Does Transfer of Knowledge Transfer Power?
Management, as a function and benefit of their occupancy of nodes in the communications channels, “feeds” upon the capabilities and knowledge of all those who are subject to their influence, both within and outside their own organization. This allows them immense leverage of their own capabilities and knowledge, and selective sharing of this information and influence is a powerful force and weapon.
In some organizations, the lack of sharing of information becomes a characteristic of the organizational culture. Apparently, sharing of information is perceived to be detrimental to the stature and/or position and advancement of the individual. If the information is shared, they are no longer perceived as the “expert.” This attitude is very destructive to the health and performance of the organization. This characteristic seems to be more prevalent in organizations populated by “professionals” than in those not claiming to be professionals. I have experienced this type environment for several years and have heard many comments and discussions on its consequences. Management skillfully ignores attempts to correct the practice. The family suffers from many of the above organization deficiencies and failures.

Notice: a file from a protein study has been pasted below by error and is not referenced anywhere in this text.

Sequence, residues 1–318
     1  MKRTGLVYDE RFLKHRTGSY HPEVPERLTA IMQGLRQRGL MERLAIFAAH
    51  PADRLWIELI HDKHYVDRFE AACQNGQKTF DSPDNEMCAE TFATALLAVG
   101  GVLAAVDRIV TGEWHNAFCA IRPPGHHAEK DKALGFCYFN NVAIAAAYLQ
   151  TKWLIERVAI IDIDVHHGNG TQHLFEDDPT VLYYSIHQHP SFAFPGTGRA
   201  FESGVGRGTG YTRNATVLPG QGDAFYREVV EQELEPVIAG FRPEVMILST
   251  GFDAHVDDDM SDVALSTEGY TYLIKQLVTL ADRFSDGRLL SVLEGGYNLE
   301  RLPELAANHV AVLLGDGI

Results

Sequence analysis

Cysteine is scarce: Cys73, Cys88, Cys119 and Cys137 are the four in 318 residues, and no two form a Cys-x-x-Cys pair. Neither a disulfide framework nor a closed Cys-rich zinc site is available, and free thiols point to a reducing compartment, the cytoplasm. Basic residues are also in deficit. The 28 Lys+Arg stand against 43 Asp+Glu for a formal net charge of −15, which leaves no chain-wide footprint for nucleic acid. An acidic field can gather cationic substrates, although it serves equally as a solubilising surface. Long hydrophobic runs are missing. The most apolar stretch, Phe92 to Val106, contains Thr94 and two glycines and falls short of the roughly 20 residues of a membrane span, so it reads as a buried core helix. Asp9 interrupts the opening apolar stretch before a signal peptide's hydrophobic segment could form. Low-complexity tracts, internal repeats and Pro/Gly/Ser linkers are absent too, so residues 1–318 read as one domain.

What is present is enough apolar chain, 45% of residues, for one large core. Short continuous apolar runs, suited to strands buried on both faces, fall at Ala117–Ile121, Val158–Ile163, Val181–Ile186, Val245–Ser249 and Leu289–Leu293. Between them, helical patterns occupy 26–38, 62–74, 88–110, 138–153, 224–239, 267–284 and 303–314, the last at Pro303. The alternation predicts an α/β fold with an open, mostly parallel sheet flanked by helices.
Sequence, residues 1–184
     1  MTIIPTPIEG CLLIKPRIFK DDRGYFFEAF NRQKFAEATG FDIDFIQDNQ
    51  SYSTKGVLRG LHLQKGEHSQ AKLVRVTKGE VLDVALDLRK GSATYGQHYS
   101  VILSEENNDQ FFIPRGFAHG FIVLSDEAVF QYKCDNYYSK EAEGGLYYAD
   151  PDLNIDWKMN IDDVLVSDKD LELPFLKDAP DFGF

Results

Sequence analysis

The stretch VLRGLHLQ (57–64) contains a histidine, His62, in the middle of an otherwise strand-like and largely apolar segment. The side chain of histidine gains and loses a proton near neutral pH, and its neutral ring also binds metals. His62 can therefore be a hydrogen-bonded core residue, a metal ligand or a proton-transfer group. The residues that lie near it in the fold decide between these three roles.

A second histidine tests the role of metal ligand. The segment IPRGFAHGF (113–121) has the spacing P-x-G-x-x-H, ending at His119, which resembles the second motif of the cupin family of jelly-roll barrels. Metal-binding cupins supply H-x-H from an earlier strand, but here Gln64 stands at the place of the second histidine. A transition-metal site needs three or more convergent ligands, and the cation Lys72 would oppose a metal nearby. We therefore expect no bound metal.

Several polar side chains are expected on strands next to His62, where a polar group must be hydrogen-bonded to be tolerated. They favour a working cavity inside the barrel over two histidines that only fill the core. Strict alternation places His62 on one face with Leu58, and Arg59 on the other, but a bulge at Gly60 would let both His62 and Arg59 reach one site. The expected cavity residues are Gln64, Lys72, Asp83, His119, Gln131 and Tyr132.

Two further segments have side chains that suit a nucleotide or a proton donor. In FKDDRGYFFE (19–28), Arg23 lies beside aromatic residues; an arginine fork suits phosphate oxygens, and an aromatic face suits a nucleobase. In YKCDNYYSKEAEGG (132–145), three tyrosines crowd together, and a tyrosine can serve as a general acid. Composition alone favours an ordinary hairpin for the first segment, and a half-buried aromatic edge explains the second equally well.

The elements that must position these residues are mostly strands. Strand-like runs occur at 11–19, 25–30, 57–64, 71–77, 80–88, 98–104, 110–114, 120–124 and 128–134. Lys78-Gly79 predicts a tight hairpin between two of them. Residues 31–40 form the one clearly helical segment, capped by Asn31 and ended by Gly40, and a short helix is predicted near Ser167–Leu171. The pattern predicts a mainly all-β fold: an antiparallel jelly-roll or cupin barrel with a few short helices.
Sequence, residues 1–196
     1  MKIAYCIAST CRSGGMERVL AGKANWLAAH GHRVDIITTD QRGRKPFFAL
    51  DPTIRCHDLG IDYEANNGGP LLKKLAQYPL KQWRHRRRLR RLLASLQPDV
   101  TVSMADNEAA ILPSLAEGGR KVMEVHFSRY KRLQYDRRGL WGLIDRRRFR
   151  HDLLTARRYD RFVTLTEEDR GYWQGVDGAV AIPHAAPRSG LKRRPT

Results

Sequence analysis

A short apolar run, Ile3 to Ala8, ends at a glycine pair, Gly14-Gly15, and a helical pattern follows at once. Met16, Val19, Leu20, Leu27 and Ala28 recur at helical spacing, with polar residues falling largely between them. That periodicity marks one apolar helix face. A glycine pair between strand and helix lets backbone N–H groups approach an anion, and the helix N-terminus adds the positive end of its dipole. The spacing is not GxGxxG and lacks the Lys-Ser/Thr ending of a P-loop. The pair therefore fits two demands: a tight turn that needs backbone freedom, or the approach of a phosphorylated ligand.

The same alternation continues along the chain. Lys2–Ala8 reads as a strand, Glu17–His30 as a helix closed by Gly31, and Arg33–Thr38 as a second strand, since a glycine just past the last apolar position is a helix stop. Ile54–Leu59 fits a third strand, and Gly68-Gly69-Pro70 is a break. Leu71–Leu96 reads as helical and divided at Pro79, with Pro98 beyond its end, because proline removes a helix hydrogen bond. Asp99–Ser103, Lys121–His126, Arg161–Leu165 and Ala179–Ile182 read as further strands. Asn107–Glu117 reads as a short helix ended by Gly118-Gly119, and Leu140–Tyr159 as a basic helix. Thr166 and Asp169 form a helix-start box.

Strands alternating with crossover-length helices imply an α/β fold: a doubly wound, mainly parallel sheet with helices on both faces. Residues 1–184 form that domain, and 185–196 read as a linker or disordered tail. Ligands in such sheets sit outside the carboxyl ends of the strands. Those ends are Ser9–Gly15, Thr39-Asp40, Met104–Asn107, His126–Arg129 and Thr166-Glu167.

What Does the Holy Bible Say About Family Life5
24Therefore shall a man leave his father and his mother, and shall cleave unto his wife: and they shall be one flesh. Genesis 2:24, KJV